This week hasn’t gone at all the way I’d planned it to – thanks to the NDIS making a royal mess of my application for a simple plan variation, and a belligerent brush turkey that decided our yard was its idea of a four-star hotel. [More on both those topics in the coming weeks!]
So generally crappy has this week been that I jettisoned the story I’d started writing on Monday, about doctors, in favour of the one you’re reading now – inspired by this news report that my wife sent me.
To set the scene, in Australia (and in many places around the world in fact) interest rates hit a record low of 0.10 per cent in November 2020. They stayed there for a full 18 months, until May 2022, at which point they rose to 0.35. By the end of 2022, interest rates in Australia sat at a whopping 3.10 (yes, sarcasm intended) after eight increases – still an incredibly low figure, no matter which way you slice it.
Yet every time I turn on or read the news, I hear about something called “mortgage pain”, and all of the people who are in it.
I’m probably going to enrage and offend some readers here (so sorry in advance if I do!), but this is starting to resemble what happened when we all went into lockdown during COVID – and I couldn’t understand that at the time either.
So many people (at least if the reports were anything to go by) couldn’t cope with being confined to their home at the height of the pandemic. It seemed, from what I could gather, that it was tantamount to being imprisoned for some crime they didn’t commit. Some “inmates”, in hotel quarantine, even lost their lives in falls from balconies in their attempts to “Spiderman” their way to freedom.
All manner of modern-day connectivity that literally has the power to place you in someone else’s living room apparently wasn’t enough. Nor it seemed, for those holed up in hotel accommodation, was having your meals prepared for you.
Lockdown for me, however, was one of the best things to have happened in a very long time.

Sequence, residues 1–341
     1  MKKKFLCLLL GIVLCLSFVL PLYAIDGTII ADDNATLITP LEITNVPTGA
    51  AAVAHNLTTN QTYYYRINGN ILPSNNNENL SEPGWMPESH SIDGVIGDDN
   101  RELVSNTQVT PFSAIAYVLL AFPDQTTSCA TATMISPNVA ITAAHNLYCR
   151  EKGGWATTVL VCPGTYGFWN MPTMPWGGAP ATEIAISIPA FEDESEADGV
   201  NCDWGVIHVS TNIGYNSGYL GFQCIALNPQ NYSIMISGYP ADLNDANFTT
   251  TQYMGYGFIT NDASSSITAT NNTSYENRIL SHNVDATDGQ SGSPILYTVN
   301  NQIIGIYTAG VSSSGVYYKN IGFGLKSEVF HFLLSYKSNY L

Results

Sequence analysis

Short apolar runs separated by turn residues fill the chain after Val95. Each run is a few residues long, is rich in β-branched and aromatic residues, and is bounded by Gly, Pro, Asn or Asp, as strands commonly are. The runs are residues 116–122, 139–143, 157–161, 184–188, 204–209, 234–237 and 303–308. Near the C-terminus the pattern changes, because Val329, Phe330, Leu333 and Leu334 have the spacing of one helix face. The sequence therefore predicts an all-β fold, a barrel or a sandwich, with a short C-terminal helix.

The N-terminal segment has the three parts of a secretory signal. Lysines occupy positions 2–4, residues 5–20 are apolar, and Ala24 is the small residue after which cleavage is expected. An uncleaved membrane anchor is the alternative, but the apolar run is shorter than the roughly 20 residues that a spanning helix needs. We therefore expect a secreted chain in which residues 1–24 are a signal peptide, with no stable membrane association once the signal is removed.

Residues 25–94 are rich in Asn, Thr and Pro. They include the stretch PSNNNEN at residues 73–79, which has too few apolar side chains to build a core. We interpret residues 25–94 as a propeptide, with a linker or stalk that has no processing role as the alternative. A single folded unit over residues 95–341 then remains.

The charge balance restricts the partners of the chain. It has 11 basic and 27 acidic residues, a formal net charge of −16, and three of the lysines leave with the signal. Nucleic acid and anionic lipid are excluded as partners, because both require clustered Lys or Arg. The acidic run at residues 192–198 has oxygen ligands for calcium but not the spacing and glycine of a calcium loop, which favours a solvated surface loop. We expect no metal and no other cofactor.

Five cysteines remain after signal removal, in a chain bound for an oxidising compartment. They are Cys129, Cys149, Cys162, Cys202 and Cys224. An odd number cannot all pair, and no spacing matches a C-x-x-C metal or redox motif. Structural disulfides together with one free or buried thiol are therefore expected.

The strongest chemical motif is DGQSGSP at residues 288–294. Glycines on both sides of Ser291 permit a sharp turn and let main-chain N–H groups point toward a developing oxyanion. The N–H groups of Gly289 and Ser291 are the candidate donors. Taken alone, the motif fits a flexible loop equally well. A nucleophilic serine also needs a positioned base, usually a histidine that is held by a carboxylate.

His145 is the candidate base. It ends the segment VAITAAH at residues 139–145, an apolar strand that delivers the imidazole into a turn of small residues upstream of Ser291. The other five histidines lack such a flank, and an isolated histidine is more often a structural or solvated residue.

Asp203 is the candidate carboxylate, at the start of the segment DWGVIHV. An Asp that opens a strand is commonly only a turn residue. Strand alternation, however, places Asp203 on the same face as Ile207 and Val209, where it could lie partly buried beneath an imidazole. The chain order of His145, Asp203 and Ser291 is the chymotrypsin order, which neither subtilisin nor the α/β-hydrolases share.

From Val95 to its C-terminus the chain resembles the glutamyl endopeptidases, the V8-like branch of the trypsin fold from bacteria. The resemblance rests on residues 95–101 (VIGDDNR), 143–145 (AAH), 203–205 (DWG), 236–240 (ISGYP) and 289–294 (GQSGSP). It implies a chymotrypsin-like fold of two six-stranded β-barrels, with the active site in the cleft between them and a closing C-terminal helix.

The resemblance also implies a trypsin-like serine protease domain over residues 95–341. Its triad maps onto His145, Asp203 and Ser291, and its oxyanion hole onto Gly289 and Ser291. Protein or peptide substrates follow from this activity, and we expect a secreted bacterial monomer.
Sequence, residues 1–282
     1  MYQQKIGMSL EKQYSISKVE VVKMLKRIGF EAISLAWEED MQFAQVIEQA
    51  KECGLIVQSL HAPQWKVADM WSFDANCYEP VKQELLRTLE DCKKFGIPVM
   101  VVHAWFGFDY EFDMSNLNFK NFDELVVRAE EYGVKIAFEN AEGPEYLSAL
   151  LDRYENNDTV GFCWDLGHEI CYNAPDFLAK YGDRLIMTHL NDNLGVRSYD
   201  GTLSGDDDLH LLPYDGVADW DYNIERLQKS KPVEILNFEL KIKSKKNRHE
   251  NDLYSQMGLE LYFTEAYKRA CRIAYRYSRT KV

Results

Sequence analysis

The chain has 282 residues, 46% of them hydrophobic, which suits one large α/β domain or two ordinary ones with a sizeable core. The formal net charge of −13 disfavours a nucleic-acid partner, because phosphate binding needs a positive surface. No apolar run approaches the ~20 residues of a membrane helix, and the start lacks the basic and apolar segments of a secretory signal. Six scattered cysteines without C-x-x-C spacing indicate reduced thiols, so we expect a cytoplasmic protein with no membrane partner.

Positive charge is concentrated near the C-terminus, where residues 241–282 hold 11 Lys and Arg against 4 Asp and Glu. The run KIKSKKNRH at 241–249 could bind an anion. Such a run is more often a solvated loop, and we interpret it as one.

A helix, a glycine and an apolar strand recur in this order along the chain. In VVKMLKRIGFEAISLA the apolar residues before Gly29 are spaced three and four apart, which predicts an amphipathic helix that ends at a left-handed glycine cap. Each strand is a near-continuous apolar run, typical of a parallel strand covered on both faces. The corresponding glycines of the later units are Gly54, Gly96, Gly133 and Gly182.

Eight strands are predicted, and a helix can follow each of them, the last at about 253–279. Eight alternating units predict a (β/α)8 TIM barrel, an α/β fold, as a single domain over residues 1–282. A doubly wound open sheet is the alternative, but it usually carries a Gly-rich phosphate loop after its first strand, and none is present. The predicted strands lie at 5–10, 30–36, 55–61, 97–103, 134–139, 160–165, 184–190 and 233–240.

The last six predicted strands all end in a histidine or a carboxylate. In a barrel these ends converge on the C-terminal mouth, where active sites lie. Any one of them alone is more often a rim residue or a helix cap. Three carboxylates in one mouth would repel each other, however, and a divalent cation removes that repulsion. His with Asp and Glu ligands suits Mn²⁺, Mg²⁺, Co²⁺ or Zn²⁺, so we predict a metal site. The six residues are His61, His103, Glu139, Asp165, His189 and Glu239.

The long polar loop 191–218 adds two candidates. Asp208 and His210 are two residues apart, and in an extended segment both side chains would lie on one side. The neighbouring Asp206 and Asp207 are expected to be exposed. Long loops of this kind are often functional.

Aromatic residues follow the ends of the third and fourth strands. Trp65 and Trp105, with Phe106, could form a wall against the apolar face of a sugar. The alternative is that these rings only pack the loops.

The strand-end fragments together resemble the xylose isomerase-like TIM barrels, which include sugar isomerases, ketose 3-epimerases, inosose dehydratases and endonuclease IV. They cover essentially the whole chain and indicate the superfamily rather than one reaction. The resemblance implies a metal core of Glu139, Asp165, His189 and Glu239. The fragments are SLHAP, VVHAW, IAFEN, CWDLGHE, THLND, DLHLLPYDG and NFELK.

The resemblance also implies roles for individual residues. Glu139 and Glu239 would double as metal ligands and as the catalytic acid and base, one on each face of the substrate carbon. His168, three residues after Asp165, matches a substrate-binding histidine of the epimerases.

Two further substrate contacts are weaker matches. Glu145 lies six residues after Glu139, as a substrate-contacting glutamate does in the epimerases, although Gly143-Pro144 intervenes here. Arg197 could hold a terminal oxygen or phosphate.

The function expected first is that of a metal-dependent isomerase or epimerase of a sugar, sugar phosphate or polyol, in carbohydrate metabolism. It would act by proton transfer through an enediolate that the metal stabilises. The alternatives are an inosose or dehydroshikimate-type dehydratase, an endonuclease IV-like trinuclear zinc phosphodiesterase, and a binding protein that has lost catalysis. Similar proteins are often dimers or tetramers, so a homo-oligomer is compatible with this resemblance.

COVID, of course, was utter tragedy. The heartbreaking loss of life, the strain put on healthcare systems and other vital infrastructure, the collapse of countless businesses.
But being “stuck” at home – that was heavenly.
Was this actually the start of the Autism ‘awakening’? Was this the yardstick by which to sort the neurodivergent from the dominant non-neurodivergent pack? If you could handle being at home for a couple of weeks with the ability to speak to, and see, everyone you loved in the world via video, but not in person, without falling to pieces, did this mean that you might be Autistic?
‘Mortgage pain devastating Australian families’ is the latest popular catch call surfing all discerning media outlets. Okay, I hear you, and I agree – it’s terrible, stressful, anxiety inducing, and probably even much, much worse than that.
But if that is the case, then why every time I step foot outside my house, and go for a coffee or a meal, are there people everywhere, eating and drinking and generally entertaining themselves at pubs and at bars and at retail outlets, and even at concert halls, like we’ve all just inherited the entire family farm?
I’m sorry if it sounds like I’ve suddenly adopted the persona of the radio ‘shock jocks’ I myself loath so very much. Only, on this issue, I truly am incredibly perplexed.
Is this Autism, my confusion about this matter that most people seem to buy into? Is this why I will never ‘belong’?
In 2008, when my wife and I first entered the housing market, the median house price in Brisbane was $399,000 (we paid ever so slightly more than that).
And in an article published by the Brisbane Times in 2010, they reported that house prices rose sharply shortly thereafter: “Figures released…by the Real Estate Institute of Queensland showed that the median house price…in Brisbane rose to $535,000…”
In 2016, when we sold our house and bought in a much quieter suburb than where we’d initially pitched our brick and mortar tent, and renovated the place we moved in to because it was almost 50 years old and still had the original bathtub (nasty!), we were in the hole, in total, for more than $700,000.
At the beginning of 2023, CoreLogic reported that: “The median dwelling value in Brisbane has increased from $506,553 at the onset of COVID-19 in March 2020, to $707,658 at the end of 2022,” which, as I’ve already told you, was similar to our own level of debt.
In saying that, I accept that people buying a house these days generally pay more for it than we did. But they also earn a lot more than we ever have, and, you know, interest rates couldn’t have been any lower during the first couple of years of their mortgage – unless they actually hit zero.
Besides, interest rates during my wife’s and my time began at 7.06 per cent in 2008, rose to a high of 7.13 in 2011, before dropping gradually until they hit their lowest point during our mortgage in 2016, at 4.65. But that was still higher than anything anyone who’s bought a house in the last several years has had to endure, including this week when the Reserve Bank of Australia increased interest rates to their current 4.35 per cent.
Of course I understand that if you bought your house when interest rates were less than or around 1.00 per cent, anything more than 3.00 is going to come as a bit of a shock. But here’s the part where I lose most (maybe all) of my sympathy for those specific home buyers: If interest rates have been at historic lows, and you knew this going in, why didn’t you anticipate them ever going up again?